Fluency Rubric

Hello Literacy Land friends! 

Last month I stopped by to share some information that I learned at a Smekens Education workshop.  The post was all about the power that punctuation has on fluency. Today I wanted to share just a few more fluency tips that I received and tried out!

Smekens suggested that fluency be taught intentionally.  Students cannot work towards something that they don't understand.  One way to help this understanding is though a fluency rubric.  The rubric is to be created with/by the students and over time.  You can check out the other suggestions that they have for this rubric by clicking HERE.

I really wanted to build some lessons around the idea of this rubric.  My thought was that if I built this foundation and the expectation, then students would work towards it throughout the rest of the year.  Here is what I decided to do:

Day 1: Introduce the rubric and the term fluency; read "Wolf"
Day 2: Introduce the power of punctuation on fluency with the book "The Monster At The End of This Book"
Day 3: Introduce phrasing using "Wolf" and a concrete ribbon lesson
Day 4: Practice phrasing (swoops) and rhythm through poetry

The following terms are used on Smekens fluency rubric: "robot reader," "skateboard reader," and "robot reader on a skateboard."  I liked these terms because I think my first graders can relate to them.  They are more concrete than just a smiley face or sad face.

So on day 1I decided to jump right in and explain the three parts to our rubric.  Then....we did not add anything else.  Instead, I just read to them.  I read "Wolf."

If you have not read this book, it is perfect when introducing fluency.  The wolf is learning to read.  As the story goes on, students get a pretty good understanding of what it means to read with fluency because the wolf goes through these different stages.  After listening to the story, my students were able to quickly add to our rubric.  They told me that a robot reader may read too slow or too fast but that a skateboard reader is not going too fast or slow.  Along with this, they added that robots are choppy and boring, while skateboards are smooth and interesting. (Yes!!!)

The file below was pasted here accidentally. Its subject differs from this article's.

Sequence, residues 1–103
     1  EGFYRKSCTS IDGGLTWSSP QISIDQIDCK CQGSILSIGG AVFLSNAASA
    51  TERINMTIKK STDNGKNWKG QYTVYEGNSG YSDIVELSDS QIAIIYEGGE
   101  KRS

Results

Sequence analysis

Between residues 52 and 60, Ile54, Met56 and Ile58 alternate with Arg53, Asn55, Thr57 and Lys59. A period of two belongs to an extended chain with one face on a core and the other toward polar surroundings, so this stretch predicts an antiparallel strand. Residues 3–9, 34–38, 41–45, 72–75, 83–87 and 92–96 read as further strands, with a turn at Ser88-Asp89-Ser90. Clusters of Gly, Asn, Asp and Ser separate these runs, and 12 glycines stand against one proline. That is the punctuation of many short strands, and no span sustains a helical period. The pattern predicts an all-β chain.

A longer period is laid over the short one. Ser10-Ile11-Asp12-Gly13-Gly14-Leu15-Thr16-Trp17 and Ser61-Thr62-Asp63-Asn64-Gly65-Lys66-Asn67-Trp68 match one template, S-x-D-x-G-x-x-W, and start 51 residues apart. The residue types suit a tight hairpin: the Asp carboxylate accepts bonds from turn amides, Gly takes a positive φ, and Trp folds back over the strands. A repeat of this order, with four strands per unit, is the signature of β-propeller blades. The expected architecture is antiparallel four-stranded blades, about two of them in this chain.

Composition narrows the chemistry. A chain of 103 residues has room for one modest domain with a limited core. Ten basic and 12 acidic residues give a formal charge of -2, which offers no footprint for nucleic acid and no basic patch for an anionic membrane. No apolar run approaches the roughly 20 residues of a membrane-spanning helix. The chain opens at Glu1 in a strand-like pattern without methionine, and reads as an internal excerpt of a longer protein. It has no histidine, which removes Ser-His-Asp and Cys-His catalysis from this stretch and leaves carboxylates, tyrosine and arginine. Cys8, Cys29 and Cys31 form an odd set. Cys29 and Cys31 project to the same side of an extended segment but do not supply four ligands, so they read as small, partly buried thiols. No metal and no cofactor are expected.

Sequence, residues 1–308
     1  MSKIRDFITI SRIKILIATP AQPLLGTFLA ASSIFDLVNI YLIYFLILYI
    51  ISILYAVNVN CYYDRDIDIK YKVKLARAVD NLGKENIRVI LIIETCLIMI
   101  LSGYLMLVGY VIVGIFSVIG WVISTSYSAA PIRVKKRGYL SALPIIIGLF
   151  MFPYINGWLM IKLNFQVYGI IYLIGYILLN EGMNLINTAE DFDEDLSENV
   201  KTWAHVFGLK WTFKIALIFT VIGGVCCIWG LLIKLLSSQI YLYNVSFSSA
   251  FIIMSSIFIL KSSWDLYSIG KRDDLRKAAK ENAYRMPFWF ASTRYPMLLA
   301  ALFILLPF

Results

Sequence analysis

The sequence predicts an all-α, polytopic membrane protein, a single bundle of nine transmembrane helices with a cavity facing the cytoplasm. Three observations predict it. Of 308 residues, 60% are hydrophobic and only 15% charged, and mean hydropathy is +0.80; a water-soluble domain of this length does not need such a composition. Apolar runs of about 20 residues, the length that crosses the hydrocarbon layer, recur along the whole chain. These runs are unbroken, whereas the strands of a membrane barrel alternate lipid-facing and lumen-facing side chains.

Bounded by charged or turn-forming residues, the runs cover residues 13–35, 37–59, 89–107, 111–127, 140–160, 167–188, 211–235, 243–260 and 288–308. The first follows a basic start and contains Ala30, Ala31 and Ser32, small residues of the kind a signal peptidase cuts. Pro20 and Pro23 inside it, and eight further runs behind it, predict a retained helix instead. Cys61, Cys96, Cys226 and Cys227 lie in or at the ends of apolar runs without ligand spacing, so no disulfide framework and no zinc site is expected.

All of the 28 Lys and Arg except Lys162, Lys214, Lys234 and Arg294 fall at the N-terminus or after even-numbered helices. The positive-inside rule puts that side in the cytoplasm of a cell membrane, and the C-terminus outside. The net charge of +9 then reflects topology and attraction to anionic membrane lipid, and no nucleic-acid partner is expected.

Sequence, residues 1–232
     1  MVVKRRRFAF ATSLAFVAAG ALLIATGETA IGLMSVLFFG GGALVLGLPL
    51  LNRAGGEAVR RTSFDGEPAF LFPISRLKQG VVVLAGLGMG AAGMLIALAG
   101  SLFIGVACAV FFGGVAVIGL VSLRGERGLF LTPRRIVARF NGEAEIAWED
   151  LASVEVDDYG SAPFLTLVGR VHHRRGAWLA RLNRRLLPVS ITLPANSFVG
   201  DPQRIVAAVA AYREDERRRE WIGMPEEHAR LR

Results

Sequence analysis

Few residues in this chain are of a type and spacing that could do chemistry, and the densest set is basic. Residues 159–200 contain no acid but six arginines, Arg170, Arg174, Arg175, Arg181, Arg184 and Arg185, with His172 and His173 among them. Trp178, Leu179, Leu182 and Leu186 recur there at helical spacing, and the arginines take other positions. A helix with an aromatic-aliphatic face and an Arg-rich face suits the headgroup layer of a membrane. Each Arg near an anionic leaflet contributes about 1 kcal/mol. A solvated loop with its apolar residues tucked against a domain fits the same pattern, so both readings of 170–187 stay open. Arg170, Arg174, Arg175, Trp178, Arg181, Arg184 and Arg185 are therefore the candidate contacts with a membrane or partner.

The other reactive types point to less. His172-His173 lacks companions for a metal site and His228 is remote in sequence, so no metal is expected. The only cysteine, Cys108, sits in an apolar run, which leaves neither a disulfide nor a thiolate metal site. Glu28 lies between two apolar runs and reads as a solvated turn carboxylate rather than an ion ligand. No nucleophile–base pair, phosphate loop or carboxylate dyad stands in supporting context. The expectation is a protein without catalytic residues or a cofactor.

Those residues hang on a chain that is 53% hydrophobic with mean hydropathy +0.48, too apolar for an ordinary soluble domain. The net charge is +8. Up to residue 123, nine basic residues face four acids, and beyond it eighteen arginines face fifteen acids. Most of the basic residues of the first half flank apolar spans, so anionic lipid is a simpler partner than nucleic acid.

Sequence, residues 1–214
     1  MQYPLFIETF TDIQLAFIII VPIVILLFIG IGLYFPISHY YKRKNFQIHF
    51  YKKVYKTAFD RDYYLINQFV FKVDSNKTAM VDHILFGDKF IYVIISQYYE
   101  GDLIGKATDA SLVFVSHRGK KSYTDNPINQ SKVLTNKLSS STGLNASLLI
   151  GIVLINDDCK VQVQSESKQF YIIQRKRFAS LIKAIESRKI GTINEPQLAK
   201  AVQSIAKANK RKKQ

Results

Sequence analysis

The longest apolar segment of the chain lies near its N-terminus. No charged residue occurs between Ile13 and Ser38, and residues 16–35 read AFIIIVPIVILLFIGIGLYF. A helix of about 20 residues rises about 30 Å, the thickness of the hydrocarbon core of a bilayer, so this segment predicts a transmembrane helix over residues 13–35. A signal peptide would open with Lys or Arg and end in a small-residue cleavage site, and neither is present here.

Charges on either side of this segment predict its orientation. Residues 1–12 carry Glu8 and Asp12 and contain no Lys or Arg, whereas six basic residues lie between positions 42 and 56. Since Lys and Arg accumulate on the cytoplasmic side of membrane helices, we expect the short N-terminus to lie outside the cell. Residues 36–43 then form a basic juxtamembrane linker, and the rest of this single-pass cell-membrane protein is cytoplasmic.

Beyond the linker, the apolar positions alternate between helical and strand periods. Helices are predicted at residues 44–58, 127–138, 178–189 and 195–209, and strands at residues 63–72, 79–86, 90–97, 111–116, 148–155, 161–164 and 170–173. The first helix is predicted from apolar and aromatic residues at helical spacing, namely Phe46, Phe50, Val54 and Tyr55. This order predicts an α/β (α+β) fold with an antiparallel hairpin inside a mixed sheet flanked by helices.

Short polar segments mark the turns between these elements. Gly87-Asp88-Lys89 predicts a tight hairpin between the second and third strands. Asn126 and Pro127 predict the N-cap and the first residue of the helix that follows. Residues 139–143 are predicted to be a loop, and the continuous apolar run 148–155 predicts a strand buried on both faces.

As each day progressed, we added to this rubric. 

After reading this text on day 2, students were able to tell me that skateboard readers sound like the character and change their voice by using punctuation.  Robot readers do not.

The discussion about phrasing on day 3 is a tad bit trickier because I think it is sometimes hard for their little ears to hear how we group words as speakers and readers.  I try to make it as concrete as possible by using index cards, ribbons, and lots of movement.  You can read my full post about these activities at Curious Firsties. 
On day 4 we actually put the phrasing into action using phrasing swoops with a poem.

This helped all the lessons come together for them and they were able to add even more to the rubric about rhythm and phrasing.

As the lessons came to close (although we will focus on fluency all year long), I realized that they had actually learned a lot about how fluency should sound and not sound.  They loved the texts that we read and were very engaged.  But most importantly, my first graders came to understand that they would all be robot readers and skateboard readers this year.  I told them that as learners we can't be skateboard readers all the time.  Reading can be challenging and when it is we sometimes become robot readers.  I know I would fall into that part of the rubric if I was reading a medical journal.  But I went on to explain that as we read that challenging text more often, we become skateboard readers.

It is the cycle of learning and we are all on it.

Have you tried using a fluency rubric in your classroom?  If so, where there any lessons or books that you found to be helpful?


  1. I LOVE this post! I have some second graders (even some great readers) who are struggling to read fluently. Thanks for sharing.

    1. I hope this can help!! Please let me know if you have some more ideas or want to chat more about it!

  2. Wolf is one of the best books EVER. I always use it as a tool for talking about fluency. This was a very informative post. Thank you!
    Laughter and Consistency

    1. Thank you so much!! It is truly one of my favorites too! It was one of those finds that I just can't live without :)